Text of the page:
Oklahoma Foundation Grant Buys Medical Tech for Schools

Muskogee High School teachers, armed with a $2,800 Education Foundation of Muskogee grant, have recently purchased new biomedical lab equipment, including an incubating water shaker, heat blocks and more.

by Cathy Spaulding, Muskogee Phoenix / February 21, 2020
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(TNS) — Muskogee High School junior Karen Cruz said she’s discovered how DNA affects her taste buds.

“If you’re a bitter taster, most things will taste more bitter than usual,” Cruz said. “I’m not a bitter taster, so it’s not as bitter as it would be for them.”

Cruz and her classmates made such discoveries while using new lab equipment in their medical intervention class.

MHA biomedical teacher Carrie Cotten bought the equipment with a $2,800 Education Foundation of Muskogee grant. The new devices include an incubating water shaker and a heat block.

The water shaker agitates liquid samples, Cotten said. “When we use it in a lab, we’d usually use it to grow yeast or bacteria.”

A heat block can be used to multiply DNA samples, she said.

“We put them in there, and we’d heat them up or cool them down,” Cotten said. “How we’d use them together is PCR, where we amplify (copy) DNA.”

Cotten said medical intervention class recently used it to find a “gene of interest.”

“They did a PTC lab, where they were analyzing their own genetics” to see if they were heterozygous or homozygous for a gene — if they had two copies of it or one copy of it,” Cotten said.

Junior Lauren Torres, said the ability to taste bitterness depends on whether a certain gene is heterozygous or homozygous.

Phuong Nguyen explained: “Heterozygous means you only carry one of the genes, so you won’t taste it. But if you’re homozygous you carry two copies of the genes.”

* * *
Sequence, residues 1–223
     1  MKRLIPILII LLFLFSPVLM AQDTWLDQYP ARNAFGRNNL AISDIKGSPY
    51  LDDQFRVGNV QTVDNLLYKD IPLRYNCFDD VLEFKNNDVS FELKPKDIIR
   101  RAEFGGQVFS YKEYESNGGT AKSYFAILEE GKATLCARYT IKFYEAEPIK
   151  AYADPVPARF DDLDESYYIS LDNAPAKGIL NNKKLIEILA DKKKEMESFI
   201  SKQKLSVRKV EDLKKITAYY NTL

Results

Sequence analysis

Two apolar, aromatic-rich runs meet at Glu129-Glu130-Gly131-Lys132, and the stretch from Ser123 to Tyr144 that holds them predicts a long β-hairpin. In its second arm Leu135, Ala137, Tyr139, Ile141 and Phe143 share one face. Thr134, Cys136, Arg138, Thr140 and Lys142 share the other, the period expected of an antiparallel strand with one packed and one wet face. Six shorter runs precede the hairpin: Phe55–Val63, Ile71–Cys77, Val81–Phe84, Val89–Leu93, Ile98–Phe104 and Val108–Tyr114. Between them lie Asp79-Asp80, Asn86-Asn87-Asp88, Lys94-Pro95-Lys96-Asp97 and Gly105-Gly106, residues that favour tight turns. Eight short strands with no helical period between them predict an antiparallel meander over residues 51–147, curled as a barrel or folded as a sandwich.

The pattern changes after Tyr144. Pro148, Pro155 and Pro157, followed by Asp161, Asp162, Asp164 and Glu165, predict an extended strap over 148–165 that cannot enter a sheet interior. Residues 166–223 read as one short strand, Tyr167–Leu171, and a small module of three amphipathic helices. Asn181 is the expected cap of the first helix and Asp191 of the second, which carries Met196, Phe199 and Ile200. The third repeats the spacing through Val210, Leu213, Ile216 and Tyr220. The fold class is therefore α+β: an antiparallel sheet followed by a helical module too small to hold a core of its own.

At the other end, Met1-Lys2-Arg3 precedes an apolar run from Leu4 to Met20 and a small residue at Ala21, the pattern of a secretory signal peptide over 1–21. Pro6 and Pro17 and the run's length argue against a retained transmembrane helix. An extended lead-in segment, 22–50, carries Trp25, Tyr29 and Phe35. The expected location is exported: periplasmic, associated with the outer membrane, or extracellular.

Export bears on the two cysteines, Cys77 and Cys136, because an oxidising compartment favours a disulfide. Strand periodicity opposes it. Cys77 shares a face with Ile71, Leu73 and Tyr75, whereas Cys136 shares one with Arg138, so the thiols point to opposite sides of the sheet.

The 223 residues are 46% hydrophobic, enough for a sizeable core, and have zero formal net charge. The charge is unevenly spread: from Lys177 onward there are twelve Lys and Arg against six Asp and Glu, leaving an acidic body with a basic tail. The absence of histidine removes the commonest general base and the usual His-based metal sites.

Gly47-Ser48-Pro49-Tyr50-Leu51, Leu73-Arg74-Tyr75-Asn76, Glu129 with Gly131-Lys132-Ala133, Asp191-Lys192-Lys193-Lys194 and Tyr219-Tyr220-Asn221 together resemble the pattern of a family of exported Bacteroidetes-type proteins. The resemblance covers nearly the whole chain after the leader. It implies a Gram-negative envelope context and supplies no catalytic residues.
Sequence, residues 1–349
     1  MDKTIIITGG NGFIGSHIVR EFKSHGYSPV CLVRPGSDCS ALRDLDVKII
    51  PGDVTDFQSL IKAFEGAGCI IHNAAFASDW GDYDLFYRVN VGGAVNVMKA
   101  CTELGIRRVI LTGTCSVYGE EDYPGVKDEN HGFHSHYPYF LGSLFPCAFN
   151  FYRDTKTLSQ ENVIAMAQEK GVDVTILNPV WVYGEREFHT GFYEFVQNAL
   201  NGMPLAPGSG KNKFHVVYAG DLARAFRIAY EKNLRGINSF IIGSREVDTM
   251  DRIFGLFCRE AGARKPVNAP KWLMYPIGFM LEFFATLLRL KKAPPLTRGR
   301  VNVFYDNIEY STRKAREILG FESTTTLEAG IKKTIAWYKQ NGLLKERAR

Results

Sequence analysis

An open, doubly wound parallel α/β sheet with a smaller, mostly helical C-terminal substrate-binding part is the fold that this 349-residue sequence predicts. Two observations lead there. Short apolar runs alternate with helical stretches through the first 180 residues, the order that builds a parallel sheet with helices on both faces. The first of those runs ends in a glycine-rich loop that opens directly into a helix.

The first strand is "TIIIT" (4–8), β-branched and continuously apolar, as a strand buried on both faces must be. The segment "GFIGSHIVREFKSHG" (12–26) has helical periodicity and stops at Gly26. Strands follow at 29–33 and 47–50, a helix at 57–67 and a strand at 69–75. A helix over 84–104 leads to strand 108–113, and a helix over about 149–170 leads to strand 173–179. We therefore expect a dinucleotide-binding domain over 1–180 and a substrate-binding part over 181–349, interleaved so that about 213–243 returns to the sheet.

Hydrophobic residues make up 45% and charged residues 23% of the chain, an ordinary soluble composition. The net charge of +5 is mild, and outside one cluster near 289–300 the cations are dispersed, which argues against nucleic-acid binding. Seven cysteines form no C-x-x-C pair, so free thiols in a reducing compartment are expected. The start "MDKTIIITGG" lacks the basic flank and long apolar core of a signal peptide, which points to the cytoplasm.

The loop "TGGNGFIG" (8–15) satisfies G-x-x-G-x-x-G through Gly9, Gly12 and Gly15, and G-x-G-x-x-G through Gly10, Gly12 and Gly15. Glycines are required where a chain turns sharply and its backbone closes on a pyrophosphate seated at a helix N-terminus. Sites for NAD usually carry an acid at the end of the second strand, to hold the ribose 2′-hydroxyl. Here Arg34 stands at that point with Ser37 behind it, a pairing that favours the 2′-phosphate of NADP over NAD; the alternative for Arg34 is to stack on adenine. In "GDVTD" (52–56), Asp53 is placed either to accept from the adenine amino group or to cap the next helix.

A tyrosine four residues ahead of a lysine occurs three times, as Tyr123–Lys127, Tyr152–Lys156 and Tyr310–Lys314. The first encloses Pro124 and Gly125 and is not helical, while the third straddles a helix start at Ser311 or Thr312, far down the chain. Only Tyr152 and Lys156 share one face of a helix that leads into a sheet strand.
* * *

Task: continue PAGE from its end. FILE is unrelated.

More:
Cotten said the varying temperatures in the heat block help genes multiply, and more samples can be taken.

“Once we get that, we would run it through gel electrophoresis,” Cotten said. “We would take a sample, and then we would put it in a gel, hook it up to electricity, and it would pull it through, like a car battery, then put it under a UV light and look at it.”

Cotten said her first-year class used the equipment for crime scene investigation.

“They have DNA at the crime scene, and they’re using it to compare to our suspects,” she said.

Cruz said her class has used the heat block “to track down to see who has a disease.”

“It helps us examine DNA, and we can compare different patients to see who is more capable of getting what,” Cruz said.

Nguyen said the equipment seemed complicated at first because it was so new. He said using the devices since has become “like second nature.”

“It’s a lot easier to use,” he said.

Cotten said biomedical science is similar to Advanced Placement, which helps them earn college credit in high school.

“They take a test at the end of the semester, and if they score high enough on the test, they can take it to their college and their college can give them credit for it,” she said. “It’s part of the career-tech program, so all throughout the program they learn about different health careers they could go into. The stuff we use here in the lab is the same stuff they use in the real world.”

Nguyen said he seeks to become a heart and lung surgeon. Cruz is working to be a nurse. Torres wants to be a medical examiner.

“We’ve been in this program for three years, so we’re committed at this point,” Torres said.

©2020 the Muskogee Phoenix (Muskogee, Okla.) Distributed by Tribune Content Agency, LLC.

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